IN THE UNITED STATES DISTRICT COURT FOR THE SOUTHERN DISTRICT OF ILLINOIS
April 3, 2007
CYNTHIA BYAS, KAREN YAPP AND RODNEY C. GRADY, PLAINTIFFS,
UNION PACIFIC RAILROAD COMPANY, DEFENDANT.
The opinion of the court was delivered by: Reagan, District Judge
MEMORANDUM AND ORDER
On June 19, 2006, Cynthia Byas, Karen Yapp and Rodney C. Grady filed a putative class action suit in this Court against Union Pacific Railroad Company ("UPRR") under Title VII of the Civil Rights Act of 1964, s amended, 42 U.S.C. § 2000e et seq., and the Civil Rights Act of 1866, as amended, 42 U.S.C. § 1981 and § 1981(A).
Plaintiffs allege that UPRR has engaged in a nationwide pattern and practice of racial discrimination in employment opportunities. They seek declaratory, injunctive and other equitable relief necessary to eliminate the effects of UPRR's alleged past and present racial discrimination.
Plaintiff Yapp is an African-American female, who formerly resided in Illinois and currently resides in Nebraska. She has been employed at UPRR's facilities in Missouri and Nebraska. Yapp filed a charge of discrimination with the Equal Employment Opportunity Commission ("EEOC") on April 11, 2005, alleging retaliation and discrimination in promotions, training and job assignments. Yapp received a Notice of Right to Sue regarding her charge on March 22, 2006. Plaintiff Byas, an African American female who resides in Missouri, has worked at UPRR's facilities in Missouri and in Dupo, Illinois, which is in the Southern District of Illinois. Doc. 17, Ex. 1. Plaintiff Grady, an African-American male who resides in Missouri and was employed at UPRR's facility in Missouri, applied for a non-agreement position at UPRR's Dupo, Illinois facility. Doc. 17, Ex. 2. Neither Byas nor Grady filed a charge of discrimination with the EEOC; however, both Byas and Grady executed declarations, in which they stated that they relied upon Yapp's charge for pursuit of their claims against UPRR. Doc. 17, Exs. 1, 2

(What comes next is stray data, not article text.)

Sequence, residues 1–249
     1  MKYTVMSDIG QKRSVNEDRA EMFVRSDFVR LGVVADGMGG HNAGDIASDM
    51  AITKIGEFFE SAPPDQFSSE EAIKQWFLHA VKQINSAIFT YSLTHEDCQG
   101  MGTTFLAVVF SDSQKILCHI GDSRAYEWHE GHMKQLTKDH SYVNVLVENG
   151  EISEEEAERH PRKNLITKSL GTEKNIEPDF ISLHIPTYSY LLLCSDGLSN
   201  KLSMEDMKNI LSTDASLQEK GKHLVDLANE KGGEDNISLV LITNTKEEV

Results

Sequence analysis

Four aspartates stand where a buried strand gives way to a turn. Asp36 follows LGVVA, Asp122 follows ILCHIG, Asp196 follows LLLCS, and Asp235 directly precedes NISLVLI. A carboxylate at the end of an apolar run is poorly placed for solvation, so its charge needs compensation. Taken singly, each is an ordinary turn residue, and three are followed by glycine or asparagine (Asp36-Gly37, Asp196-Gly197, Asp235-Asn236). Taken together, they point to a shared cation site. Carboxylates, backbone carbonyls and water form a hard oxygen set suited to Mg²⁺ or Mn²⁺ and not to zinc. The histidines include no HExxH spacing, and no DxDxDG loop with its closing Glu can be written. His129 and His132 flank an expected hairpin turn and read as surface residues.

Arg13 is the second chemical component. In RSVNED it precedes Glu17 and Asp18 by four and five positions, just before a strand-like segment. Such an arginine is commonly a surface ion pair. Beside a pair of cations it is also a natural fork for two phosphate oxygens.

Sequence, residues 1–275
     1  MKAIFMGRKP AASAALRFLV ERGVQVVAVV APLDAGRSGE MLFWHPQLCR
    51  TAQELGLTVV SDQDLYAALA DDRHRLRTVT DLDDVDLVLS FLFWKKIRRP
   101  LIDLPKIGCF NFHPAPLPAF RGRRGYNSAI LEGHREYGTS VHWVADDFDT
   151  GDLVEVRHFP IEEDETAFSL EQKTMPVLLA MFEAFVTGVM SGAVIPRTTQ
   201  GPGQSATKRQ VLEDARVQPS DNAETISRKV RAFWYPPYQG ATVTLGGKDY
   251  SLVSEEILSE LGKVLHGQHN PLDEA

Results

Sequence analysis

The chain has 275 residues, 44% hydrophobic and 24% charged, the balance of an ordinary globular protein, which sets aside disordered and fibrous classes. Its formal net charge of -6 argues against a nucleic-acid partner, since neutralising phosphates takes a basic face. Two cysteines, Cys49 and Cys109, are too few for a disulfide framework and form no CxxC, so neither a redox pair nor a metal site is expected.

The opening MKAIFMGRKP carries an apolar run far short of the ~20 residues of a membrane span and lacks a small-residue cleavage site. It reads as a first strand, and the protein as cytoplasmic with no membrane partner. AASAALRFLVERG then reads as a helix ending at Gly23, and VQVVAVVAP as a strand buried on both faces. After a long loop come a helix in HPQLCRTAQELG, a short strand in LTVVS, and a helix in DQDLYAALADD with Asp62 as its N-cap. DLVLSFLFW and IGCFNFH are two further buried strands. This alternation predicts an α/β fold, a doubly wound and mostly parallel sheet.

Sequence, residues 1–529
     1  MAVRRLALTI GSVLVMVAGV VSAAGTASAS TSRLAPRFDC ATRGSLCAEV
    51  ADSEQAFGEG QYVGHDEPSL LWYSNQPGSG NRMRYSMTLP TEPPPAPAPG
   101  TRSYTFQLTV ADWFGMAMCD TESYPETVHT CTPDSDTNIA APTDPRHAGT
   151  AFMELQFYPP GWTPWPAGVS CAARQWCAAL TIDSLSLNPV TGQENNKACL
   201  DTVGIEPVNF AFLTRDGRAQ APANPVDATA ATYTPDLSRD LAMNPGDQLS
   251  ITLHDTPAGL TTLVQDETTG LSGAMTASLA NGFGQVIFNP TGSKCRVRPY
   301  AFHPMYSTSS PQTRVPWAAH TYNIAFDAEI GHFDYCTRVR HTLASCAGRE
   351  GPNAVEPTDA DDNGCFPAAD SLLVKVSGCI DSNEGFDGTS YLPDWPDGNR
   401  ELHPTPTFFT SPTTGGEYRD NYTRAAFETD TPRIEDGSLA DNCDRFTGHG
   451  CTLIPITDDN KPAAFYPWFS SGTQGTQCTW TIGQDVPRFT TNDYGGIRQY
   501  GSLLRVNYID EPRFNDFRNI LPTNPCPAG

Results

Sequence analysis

The putative class consists of African-American employees of UPRR who allegedly
(1) were prevented from learning about or competing for jobs traditionally held by white employees;
(2) were precluded or delayed from selection for these jobs; and (3) were channeled and segregated into jobs traditionally held by African-Americans. Plaintiffs allege that the class consists of at least hundreds of former, current and future employees of UPRR.